In assessing Vandegrift’s credibility, a sterling career culminating in his selection as the Marine Corps’ first four-star general is impressive enough. But Vandegrift also received the Medal of Honor and the Navy Cross for his actions at Guadalcanal, Tulagi, and Gavutu in the Solomon Islands in 1942. In those days, receiving his country’s highest award for valor conferred upon its bearer the gravest moral responsibilities, and it’s safe to presume that the word of a Medal of Honor awardee, especially a former commander of the world’s greatest fighting force, was as good as gold. Moreover, Vandegrift had nothing tangible to gain from telling Goerner that Earhart had died on Saipan, and had no obvious reason to do so.
The U.S. Navy/U.S. Marines were outed recently by an Open Government Act request that found a secret document. What a surprise. It was found that they still lust after Pagan Island and the northern half of Tinian even though they have denied it publically. Do they want to improve the economy by opening a Navy base? No, they want full-scale live fire training facilities so U.S. Marines and the military of other countries can blow the crap out of both islands, likely making them uninhabitable as they have already done with Farallon de Medinilla. Bombs, tanks, strafing, cannons, live fire on a massive scale.
Their claim is that Pagan and Tinian are the “only” options they have. Hogwash. Guam is more than twice the size of all 14 islands of the CNMI combined and much of it is undeveloped. Needless to say, there is some pushback from Guamites about blowing up their island so what the Department of Defense wants to do is move the troops and all the money to Guam and send the PCB’s and the depleted uranium ammunition and the destroyed reefs and the toxic wasteland to us here the CNMI. Thanks but no thanks. If you want an island to blow up, try Cocos Island. Think of the money you’ll save on transportation.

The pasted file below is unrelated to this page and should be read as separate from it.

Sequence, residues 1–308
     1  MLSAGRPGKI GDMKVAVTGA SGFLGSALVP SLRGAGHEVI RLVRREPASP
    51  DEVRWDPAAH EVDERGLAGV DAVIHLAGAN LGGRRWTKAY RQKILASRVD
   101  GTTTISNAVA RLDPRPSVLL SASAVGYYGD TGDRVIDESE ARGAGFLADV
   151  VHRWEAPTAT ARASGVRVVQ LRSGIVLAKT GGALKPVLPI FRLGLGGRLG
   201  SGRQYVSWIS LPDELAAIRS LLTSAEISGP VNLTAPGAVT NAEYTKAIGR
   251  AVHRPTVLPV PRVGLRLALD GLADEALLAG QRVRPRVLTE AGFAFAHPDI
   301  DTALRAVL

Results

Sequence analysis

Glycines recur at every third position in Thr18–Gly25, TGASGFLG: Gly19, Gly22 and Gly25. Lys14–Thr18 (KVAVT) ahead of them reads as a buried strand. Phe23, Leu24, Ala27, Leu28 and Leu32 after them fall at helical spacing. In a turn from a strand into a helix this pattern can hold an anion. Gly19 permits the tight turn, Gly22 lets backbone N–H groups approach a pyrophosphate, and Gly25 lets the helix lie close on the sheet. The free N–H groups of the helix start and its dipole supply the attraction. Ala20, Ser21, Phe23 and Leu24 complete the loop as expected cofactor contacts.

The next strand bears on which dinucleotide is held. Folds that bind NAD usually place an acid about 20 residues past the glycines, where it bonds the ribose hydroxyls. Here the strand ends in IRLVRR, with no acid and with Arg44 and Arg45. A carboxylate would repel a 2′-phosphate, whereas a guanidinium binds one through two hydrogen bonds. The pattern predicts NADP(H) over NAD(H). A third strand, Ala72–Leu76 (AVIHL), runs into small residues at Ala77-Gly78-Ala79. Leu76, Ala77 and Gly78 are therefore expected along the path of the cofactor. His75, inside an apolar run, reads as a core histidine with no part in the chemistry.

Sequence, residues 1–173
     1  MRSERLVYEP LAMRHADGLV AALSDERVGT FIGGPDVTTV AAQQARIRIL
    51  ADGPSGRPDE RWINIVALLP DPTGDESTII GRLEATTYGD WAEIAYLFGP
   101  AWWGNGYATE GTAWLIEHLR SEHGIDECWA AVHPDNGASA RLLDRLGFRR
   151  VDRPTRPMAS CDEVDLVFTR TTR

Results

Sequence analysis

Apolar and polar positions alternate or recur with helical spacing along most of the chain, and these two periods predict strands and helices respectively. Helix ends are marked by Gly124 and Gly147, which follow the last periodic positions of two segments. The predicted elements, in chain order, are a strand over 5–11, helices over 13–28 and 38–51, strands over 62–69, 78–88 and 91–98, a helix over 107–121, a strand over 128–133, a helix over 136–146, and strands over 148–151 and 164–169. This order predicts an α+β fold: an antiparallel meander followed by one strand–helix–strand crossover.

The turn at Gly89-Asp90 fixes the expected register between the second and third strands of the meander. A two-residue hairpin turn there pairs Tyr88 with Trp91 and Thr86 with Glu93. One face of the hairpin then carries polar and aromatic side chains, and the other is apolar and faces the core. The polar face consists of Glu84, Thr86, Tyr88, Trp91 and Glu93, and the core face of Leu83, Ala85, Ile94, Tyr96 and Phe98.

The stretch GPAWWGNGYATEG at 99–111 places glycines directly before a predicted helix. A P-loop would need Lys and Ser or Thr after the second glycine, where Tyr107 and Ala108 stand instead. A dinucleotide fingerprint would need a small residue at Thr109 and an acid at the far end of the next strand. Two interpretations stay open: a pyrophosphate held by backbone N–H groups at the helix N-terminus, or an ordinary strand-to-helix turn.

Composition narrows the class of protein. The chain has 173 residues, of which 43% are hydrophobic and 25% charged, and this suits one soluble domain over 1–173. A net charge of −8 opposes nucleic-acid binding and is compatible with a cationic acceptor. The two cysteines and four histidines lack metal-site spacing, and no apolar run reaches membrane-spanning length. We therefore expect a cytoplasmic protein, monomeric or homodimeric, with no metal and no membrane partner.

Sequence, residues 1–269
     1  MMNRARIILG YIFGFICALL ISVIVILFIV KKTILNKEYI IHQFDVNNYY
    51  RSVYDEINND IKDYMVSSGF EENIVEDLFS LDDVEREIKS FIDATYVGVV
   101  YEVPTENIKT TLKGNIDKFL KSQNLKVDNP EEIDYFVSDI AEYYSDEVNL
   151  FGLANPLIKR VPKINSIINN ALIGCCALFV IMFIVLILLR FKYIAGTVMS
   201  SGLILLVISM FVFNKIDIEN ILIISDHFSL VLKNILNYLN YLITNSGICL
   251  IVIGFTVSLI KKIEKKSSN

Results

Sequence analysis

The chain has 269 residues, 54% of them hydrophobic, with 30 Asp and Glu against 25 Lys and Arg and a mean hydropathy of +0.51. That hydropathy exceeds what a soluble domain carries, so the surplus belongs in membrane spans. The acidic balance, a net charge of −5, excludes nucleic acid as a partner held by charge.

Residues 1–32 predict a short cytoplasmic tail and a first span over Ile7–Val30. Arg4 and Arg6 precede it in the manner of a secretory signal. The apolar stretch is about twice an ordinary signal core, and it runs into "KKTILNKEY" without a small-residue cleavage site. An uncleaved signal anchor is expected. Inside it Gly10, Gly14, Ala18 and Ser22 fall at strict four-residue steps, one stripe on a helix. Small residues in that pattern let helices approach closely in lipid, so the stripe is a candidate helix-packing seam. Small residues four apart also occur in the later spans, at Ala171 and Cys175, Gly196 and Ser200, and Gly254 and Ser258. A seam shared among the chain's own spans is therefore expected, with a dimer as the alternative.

The previously secret document reveals they want to lease Pagan, the whole island. Since they will undoubtedly ruin it for all time and since they have a big gun to use in getting their way, I suggest that we lease it to them at $1.2 billion per year ($1,200,000,000). A billion dollars go to the NMD land trust and $200 million goes to supplement the CNMI central government’s operating expenses as an administrative fee.
Remember, once they destroy Pagan, there is no getting it back. What is a pristine tropical black beach island worth over the lifetime of the Northern Marianas? Probably more than even a billion a year will provide. Don’t take a penny less. It’s a tiny fraction of DOD’s massive budget and it will forever transform the CNMI into a self-sustaining, moderately rich nation as small political entities go. “A billion two or go blow yourself up.”
“Intelligence and war are games, perhaps the only meaningful games left. If any player becomes too proficient, the game is threatened with termination.”
―William S. Burroughs
“War is where the young and stupid are tricked by the old and bitter into killing each other.”